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Wednesday, November 26, 2014

I thought Joe Junker and Bristol broke up

From Hoohah's Fecebook page

Check out the trailer for this great new documentary about one of the extreme sports that guys – and gals – enjoy in the Last Frontier where we know how to live life vibrantly outdoors, literally in our backyard. Bristol’s boyfriend Joey stars in this, and Willow has a cameo.

I thought Joey and Bristol broke up.  His name wasn't in the police report for the brawl I don't think and Bristol's "boyfriend" was allegedly there.

Turkey Award winners

Entertainment-The Palin family

Sports-Donald Sterling

Politics-Ted Cruz

Newsmakers-Vladmir Putin

Tuesday, November 25, 2014

Hey Sarah Palin Rice will be at the Great Alaska Shoot Out!



Rice University that is.  Sorry to disappoint you Hooh-ah!

From RiceOwls.com

Rice University men’s basketball will face a tough national field at the 2014 GCI Great Alaska Shootout on Nov. 27-29 at the Alaska Airlines Center. Seven of the event’s 10 games will be televised nationally on CBS Sports Network.

The Owls open against 2014 Atlantic Sun Champion Mercer, which toppled Duke in a 14-over-3 seed upset in the opening round of the NCAA Tournament in March. That game is set for 8:30 p.m. CT on Nov. 27 on CBSSN.

From there, Rice will face either UC Santa Barbara or Washington State on Nov. 28 at either 5 or 11 p.m. CT in the semifinal or consolation round.

Awaiting Rice on Nov. 29 from the other side of the bracket will be host Alaska-Anchorage, Colorado State, Missouri State or Pacific.

CBS Sports Network will air both Friday semifinals as well as Saturday’s championship game at 10:30 p.m. CT.

The GCI Great Alaska Shootout is the longest-running regular-season college basketball tournament in the nation, taking place every Thanksgiving in Anchorage since 1978. This will be the inaugural tournament held at UAA’s brand-new, 5,000-seat Alaska Airlines Center.

Rice has never played in the Great Alaska Shootout, but has previously visited the state. The Owls claimed the 2003 BP Top of the World Classic in Fairbanks with double-figure wins over Idaho State, St. Mary’s and Washington State.

I'm rooting for Rice to win the tournament.

Monday, November 24, 2014

Wall Street Journal actually slams ole Sarah


From Wall Street Journal



Republicans for the most part avoided eating their own this election except in Alaska, where tea-party diva Sarah Palin helped the independent-Democratic ticket topple GOP Gov. Sean Parnell out of political spite.

The governor’s race in the Last Frontier State was a sleepy affair until September, when independent Bill Walker, who lost to Mr. Parnell in the 2010 GOP primary, merged campaigns with the Democratic nominee, Byron Mallott, a former mayor of Juneau. The unlikely duo, which share little in common politically besides rank opportunism, ran on a populist platform.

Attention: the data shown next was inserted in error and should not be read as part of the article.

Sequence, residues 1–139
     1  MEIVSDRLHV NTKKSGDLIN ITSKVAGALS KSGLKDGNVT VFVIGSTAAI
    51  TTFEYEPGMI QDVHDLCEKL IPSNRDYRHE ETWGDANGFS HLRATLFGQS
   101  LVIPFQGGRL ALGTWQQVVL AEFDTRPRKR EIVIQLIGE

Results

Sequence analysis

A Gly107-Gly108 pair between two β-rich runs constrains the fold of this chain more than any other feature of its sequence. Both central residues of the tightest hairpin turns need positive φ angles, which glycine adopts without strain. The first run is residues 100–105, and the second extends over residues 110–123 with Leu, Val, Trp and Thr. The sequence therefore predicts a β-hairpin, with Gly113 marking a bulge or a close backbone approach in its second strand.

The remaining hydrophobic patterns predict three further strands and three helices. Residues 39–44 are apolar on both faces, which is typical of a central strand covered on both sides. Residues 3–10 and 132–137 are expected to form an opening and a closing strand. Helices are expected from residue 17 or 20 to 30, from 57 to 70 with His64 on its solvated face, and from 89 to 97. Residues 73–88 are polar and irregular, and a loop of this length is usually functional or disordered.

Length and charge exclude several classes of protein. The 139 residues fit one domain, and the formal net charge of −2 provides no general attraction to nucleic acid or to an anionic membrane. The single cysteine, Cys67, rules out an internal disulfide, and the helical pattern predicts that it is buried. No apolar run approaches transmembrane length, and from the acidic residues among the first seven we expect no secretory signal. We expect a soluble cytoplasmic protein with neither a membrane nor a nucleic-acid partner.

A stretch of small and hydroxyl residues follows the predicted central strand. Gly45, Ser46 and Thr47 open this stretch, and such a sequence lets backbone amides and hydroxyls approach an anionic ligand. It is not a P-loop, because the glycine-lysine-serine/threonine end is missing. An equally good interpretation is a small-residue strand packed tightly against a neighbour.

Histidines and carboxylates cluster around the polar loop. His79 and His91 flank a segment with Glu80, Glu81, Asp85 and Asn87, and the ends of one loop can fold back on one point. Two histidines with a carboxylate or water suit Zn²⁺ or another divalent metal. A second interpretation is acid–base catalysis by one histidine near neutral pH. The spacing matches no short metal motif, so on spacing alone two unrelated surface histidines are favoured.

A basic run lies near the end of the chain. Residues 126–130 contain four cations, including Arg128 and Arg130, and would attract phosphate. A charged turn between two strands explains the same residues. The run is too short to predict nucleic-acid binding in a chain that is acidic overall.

Mr. Walker criticized the governor’s plan for a 730-mile natural gas pipeline as “fatally flawed” and a giveaway to Big Oil. He and Mr. Mallott also backed an unsuccessful referendum this summer to repeal Mr. Parnell’s reform to the state’s progressive oil tax—Ms. Palin’s crowning achievement in office.

While governor, Ms. Palin jammed through a tax hike on oil profits as crude prices doubled between 2006 and 2008. Oil and natural-gas royalties and taxes account for roughly 90% of state coffers. Surging oil profits also helped prop up the state’s economy, personal incomes and tax revenues. While U.S. GDP plunged between 2006 and 2009, Alaska’s economy grew by a compounded annual 4.4%—the most nationwide.

Mr. Parnell, the former lieutenant governor, assumed office in July 2009 after Ms. Palin stepped down. The new governor inherited an economic crisis of Ms. Palin’s making. Oil profits subsequently plunged while drillers disembarked for Texas, Oklahoma and North Dakota. Alaska’s crude production has fallen by 20% since 2009.

Last year Alaska’s GDP contracted by 2.5%—the only state to record negative growth. The Republican governor sought to stabilize volatile revenues and stimulate investment by reforming Ms. Palin’s progressive oil tax. Ms. Palin responded by throwing her weight behind the August referendum.

A slim majority of voters rejected the ballot measure, yet the populist furies fueled Mr. Walker’s rise. Two weeks before the election, Ms. Palin formally endorsed the Walker-Mallott “Unity Ticket” on the pretext of encouraging political comity in Juneau. “This strong independent ticket represents an Alaskan-sized heart, putting people over party machine politics and Alaskans over egos,” she declared.

Ms. Palin is not overwhelmingly popular in her home state—a Public Policy Polling survey in August showed that just 36% of voters statewide view her favorably—but she does carry clout among anti-establishment conservatives. Given that the election appears to have been decided by fewer than 5,000 votes, and that Republican Dan Sullivan topped incumbent Democratic Sen. Mark Begich by nearly 8,000, Ms. Palin may very well be able to claim Mr. Parnell’s scalp.